“I wrote that one on the way to one of our early secret shows that we had at the Viper Room in LA. We were in the opening spot of the night, and I had a 45-minute drive down to the venue, so I wrote it on the way. And when I got there told Ryan about this thing that I wanted to do before we started the set. And he’s always on board, which is one reason I love him so much! We started this show that way, and we still start our shows that way if we’re the opening act of the night. If we’re the headlining act, we’ll either not play it or we’ll talk to the openers beforehand and tell them about the song and say, ‘It’s not about disparaging anybody, it’s about giving new things a chance.’ And if they’re into it, sometimes we’ll invite the opening act’s singer to come join us onstage and add an extra verse called Nobody Likes The Headlining Band, which is really fun.”

You’ve said that you changed the narrative of the band somewhat with this album. What do you mean by that?
“Well, we don’t lean on the whole fictional storyline stuff too hard; it’s just another layer of entertainment for the people that care to dive into it. But when we first came out, the narrative and the way that we presented it was: ‘This is a band from 30-40 years ago that just got forgotten about.’ And, rather than do the same thing twice, and just continue with that storyline, we twisted it a little bit. Rather than a ‘forgotten about’ band, there’s a little bit more of a science-fiction element that gets introduced with this record. Moving forward, I don’t know what we’ll do. Maybe we’ll just make an album and ditch the whole fictional storyline. I don’t ever want to have to do any one particular thing, you know? I don’t want to have to play to the gallery, so they say.”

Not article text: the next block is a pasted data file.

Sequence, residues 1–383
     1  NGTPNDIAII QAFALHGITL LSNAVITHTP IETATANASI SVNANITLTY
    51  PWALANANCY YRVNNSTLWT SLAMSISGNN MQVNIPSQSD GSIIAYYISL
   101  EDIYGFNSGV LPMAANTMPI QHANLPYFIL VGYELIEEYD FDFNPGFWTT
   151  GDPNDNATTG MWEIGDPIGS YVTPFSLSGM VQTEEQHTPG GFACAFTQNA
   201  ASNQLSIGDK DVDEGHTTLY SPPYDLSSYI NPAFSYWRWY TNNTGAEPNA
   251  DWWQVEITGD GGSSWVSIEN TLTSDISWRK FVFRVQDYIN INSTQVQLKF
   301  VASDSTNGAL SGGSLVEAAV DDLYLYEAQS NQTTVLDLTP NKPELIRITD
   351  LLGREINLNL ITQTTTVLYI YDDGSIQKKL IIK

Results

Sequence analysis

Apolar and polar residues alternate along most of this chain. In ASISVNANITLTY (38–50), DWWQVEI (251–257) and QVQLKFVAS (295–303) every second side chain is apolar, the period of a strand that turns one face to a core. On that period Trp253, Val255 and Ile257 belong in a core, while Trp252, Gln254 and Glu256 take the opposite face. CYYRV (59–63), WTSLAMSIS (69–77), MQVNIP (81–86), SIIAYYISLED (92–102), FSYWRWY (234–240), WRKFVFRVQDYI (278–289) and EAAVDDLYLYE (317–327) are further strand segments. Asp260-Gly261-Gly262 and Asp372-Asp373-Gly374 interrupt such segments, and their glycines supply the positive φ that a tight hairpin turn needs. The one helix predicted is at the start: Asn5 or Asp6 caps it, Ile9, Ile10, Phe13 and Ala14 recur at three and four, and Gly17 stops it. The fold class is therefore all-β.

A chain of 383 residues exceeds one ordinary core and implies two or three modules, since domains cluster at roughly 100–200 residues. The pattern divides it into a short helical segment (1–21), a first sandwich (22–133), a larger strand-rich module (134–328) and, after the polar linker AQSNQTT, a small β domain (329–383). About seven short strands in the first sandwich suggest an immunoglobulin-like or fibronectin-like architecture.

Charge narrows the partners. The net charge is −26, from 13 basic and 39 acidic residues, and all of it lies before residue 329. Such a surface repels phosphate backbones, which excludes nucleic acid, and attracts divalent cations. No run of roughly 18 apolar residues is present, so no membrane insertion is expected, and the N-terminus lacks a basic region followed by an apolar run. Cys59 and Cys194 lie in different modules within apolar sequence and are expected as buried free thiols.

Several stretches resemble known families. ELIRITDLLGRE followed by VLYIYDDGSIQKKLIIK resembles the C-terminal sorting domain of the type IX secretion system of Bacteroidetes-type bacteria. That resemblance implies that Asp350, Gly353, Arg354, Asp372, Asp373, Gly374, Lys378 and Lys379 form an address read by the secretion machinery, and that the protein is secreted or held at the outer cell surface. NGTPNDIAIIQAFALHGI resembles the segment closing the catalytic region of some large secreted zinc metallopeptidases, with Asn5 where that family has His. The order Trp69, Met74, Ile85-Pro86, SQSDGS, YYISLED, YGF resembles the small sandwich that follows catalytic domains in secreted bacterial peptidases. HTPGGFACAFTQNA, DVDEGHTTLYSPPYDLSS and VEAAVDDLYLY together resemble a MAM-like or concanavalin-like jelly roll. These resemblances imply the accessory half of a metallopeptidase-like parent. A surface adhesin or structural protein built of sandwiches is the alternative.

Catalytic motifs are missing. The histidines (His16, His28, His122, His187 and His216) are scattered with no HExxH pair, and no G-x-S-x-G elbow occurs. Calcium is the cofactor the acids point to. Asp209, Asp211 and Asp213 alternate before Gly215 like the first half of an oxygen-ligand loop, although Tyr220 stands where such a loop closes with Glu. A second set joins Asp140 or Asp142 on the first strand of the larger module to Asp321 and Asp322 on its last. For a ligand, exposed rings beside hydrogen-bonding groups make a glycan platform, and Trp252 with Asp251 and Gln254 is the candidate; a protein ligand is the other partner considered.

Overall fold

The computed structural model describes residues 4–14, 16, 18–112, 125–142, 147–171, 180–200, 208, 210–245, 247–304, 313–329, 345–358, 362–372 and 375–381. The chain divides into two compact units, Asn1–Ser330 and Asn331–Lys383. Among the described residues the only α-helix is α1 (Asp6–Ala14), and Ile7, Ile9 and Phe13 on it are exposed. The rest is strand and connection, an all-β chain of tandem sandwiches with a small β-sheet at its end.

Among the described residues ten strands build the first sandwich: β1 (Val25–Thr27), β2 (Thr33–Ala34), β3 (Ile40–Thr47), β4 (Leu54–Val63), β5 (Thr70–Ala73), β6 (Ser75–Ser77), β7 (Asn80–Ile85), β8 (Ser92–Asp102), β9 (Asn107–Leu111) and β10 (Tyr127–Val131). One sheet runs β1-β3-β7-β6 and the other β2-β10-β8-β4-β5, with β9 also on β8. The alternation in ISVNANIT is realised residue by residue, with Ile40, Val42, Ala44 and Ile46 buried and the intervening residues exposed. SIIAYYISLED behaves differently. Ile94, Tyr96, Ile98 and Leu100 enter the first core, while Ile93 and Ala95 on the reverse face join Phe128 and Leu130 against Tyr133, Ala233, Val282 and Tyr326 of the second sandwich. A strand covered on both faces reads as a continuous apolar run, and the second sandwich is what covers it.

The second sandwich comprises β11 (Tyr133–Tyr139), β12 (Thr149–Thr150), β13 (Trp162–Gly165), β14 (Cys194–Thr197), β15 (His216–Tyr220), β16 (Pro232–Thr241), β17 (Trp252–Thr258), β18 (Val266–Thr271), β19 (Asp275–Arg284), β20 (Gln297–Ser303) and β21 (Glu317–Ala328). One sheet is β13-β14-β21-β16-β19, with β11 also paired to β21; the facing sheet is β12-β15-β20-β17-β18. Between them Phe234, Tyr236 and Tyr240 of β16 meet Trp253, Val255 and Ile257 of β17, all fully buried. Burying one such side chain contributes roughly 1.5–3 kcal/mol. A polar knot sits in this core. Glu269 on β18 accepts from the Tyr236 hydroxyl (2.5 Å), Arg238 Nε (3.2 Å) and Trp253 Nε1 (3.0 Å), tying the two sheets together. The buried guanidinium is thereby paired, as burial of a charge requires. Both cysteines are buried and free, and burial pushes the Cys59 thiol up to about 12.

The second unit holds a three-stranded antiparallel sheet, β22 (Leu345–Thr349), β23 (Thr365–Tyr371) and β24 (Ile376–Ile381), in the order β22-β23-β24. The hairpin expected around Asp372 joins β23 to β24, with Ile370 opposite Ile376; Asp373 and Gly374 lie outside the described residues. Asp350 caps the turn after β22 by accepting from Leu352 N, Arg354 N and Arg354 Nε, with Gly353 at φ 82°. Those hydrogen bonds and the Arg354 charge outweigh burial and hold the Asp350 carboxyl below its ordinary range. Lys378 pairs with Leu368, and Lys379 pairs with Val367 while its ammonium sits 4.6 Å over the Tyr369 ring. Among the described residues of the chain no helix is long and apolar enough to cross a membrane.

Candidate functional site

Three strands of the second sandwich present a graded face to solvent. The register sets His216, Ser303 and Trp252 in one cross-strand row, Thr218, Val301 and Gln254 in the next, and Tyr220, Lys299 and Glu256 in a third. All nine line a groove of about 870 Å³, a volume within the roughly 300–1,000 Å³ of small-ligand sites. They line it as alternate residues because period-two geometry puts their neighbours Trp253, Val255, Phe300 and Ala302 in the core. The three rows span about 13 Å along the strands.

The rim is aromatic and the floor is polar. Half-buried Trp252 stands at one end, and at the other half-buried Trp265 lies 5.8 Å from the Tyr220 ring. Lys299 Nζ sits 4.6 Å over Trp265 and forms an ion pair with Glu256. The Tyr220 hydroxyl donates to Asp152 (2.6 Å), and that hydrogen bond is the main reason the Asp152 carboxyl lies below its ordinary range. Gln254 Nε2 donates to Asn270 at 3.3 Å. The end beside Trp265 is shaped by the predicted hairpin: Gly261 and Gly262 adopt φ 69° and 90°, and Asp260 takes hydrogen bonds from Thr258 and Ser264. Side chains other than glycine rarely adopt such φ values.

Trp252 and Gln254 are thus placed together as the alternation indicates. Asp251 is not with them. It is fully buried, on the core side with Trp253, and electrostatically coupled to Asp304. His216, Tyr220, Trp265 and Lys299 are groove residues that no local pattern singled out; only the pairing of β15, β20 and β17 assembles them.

It sounds like a great deal of care and attention went into Razzmatazz. Is it almost the antithesis to today’s streaming world, where singles are more reactive and can just online straight away?
“You know, I grew up with albums: when you discovered an artist, it wasn’t just a song here and there, you would really dive into them. We seem to really be living in a musical landscape that’s driven by singles – like it was in the ’50s and ’60s. Maybe that will change again some day, but I think it’s important to keep that in mind if you want to make music your business. But I’m still an album guy at heart, and I try to make pieces of music that all make a one big declarative statement, or talk about a particular subject. That’s just because that’s what I grew up with. I’m just a fan of albums.”

How do you think you’ve changed as a songwriter since iDKHOW’s debut EP?